Hyaluronic acid is degraded by hyaluronidase through a mechanism of breaking the glucosaminidic bond and stimulating tissue absorption in the area. The destruction of this bond changes the structure of the dermis and thus allows our product to be infiltrated by the body’s own process for absorption of the residual by-products as a result of the dispersion.

The largest amounts of it are found in your skin, connective tissue and eyes. Its main function is to retain water to keep your tissues well lubricated and moist. Hyaluronic acid has a variety of uses. Many people take it as a supplement, but it’s also used in topical serums, eye drops and injections.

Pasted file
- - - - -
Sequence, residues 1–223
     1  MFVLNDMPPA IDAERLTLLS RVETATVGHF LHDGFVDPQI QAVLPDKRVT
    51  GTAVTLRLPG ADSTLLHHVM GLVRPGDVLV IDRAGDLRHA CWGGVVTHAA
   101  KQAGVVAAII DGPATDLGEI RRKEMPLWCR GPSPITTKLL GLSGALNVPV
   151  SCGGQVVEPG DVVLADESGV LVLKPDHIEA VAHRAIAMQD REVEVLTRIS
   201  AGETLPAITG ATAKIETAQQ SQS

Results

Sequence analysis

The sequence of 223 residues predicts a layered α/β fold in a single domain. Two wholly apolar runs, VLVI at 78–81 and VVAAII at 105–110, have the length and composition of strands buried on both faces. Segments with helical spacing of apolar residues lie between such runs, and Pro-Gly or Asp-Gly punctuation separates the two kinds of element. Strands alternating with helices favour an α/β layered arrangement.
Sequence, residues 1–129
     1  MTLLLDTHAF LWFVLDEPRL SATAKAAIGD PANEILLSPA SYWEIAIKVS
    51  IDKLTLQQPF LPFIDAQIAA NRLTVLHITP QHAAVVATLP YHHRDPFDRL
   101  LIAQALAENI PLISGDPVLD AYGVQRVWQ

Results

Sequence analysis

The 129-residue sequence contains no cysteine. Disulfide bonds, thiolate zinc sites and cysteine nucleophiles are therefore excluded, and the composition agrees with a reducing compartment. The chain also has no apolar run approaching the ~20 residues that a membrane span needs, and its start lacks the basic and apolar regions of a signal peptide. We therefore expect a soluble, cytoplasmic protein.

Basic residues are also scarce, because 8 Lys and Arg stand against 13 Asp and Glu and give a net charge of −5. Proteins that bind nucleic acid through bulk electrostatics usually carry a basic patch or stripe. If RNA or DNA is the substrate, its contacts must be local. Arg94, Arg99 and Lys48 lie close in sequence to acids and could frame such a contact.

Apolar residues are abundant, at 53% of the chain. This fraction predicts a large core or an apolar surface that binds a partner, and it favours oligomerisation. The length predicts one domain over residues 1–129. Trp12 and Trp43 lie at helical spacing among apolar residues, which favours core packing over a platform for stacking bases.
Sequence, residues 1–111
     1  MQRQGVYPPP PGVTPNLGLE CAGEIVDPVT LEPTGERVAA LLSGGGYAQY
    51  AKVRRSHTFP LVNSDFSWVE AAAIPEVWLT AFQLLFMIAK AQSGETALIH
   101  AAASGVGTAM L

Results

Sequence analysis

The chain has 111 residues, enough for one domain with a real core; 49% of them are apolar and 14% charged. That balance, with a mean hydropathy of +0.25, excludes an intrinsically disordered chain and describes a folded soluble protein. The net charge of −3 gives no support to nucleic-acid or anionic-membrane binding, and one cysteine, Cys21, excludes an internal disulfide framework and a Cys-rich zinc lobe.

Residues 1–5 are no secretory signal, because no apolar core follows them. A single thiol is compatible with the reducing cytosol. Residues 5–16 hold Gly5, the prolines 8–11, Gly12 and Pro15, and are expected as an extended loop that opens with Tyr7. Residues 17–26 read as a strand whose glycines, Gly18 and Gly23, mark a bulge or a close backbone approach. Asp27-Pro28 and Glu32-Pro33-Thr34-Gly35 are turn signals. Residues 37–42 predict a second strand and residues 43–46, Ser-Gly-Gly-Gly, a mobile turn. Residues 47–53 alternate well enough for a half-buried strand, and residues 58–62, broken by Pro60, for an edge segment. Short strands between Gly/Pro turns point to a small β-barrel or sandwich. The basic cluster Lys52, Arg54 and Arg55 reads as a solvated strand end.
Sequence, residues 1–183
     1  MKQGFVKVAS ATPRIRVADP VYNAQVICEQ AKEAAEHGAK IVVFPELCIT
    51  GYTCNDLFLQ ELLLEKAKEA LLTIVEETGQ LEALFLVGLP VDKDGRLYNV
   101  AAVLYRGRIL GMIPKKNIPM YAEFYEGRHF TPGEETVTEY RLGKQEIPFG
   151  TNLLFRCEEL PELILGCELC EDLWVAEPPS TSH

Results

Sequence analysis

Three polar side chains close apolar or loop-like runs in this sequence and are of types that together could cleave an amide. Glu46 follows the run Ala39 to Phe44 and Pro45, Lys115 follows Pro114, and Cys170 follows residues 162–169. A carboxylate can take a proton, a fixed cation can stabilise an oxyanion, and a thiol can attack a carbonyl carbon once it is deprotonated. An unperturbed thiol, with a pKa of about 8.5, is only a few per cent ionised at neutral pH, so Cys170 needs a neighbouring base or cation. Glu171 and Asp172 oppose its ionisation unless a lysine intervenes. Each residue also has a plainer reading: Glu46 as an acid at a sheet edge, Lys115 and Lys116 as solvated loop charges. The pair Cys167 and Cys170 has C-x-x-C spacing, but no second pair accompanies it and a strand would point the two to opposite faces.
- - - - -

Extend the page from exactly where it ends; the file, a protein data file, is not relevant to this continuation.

Hyaluronic acid supplements can help your skin look and feel more supple. Roughly half of the hyaluronic acid in your body is present in your skin, where it binds to water to help retain moisture (1).

Hydrated skin also reduces the appearance of wrinkles, which may explain why several studies show that supplementing with it can make skin appear smoother. (2, 3